Objective. This article describes the results of a community-based study to determine the effect of family knowledge and attitudes on the immunization rates of a random sample of children younger than 2 years in the poorest census tracts of Baltimore.
Design and Methods. The two sources of data were (1) parent interviews that provided data on knowledge, attitudes, and beliefs related to immunization and sociodemographic characteristics, and (2) medical record audits from which data on immunization status were obtained. The protection motivation theory, a model of behavioral change, was used to select the variables to assess the relation of parental attitudes with immunization status. A multivariate logistic regression analysis included only variables found to be significantly associated with immunization outcome in the preliminary analysis.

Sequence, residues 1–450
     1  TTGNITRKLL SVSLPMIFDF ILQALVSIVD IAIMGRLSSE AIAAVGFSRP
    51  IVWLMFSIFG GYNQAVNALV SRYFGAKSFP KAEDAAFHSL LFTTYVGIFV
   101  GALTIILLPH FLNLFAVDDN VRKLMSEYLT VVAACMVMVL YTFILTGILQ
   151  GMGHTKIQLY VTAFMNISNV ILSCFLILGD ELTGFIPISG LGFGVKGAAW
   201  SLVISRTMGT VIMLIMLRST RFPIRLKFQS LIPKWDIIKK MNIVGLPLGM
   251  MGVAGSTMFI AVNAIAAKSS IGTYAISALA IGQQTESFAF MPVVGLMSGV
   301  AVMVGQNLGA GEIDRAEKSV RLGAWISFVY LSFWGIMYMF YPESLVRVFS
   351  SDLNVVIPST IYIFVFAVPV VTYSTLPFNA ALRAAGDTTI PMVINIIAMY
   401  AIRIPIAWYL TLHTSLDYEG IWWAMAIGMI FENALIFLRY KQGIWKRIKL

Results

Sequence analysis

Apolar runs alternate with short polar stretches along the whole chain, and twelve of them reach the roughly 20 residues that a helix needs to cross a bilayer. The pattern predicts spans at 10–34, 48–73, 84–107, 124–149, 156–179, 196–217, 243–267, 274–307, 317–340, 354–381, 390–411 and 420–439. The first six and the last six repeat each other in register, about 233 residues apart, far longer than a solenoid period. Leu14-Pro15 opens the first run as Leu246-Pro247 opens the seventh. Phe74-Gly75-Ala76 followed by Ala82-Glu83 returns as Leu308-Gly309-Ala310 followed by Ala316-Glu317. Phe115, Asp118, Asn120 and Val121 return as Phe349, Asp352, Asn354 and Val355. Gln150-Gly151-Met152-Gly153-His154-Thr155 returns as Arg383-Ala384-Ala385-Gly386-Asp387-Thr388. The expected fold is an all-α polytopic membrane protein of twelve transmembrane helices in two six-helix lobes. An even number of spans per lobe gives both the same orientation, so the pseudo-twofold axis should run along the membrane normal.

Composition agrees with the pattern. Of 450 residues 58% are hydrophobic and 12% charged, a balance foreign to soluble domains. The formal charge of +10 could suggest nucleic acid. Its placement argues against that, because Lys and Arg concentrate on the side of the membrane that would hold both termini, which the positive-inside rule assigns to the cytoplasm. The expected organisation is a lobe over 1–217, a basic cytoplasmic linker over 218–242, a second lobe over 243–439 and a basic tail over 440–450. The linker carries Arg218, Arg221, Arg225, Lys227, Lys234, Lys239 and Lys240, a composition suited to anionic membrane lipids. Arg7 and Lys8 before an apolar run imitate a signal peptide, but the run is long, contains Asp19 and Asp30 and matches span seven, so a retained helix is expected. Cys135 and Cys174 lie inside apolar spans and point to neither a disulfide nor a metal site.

Results. Mothers were well informed and generally had favorable attitudes toward immunizations. Immunization status was more strongly associated with the sociodemographic characteristics of the children than with the protection motivation theory variables. Only two protection motivation theory variables were associated with more than one immunization outcome. The children of mothers who perceived that timing of vaccination did not matter were less likely to be immunized than children of care takers who thought that it did matter and children whose parents believed in the safety of multiple immunizations were less likely to be immunized than children whose parents did not hold this belief.
Conclusions. In this study, parents' attitudes and beliefs had little effect on their children's immunization levels. Interventions intended to heighten parental awareness about immunization may have little impact. In poor urban neighborhoods, African-American children whose mothers are young, have multiple siblings, and do not use the Women, Infants and Children program may be at highest risk for delayed immunization.
- Received December 14, 1995.
- Accepted February 20, 1996.
- Copyright © 1996 by the American Academy of Pediatrics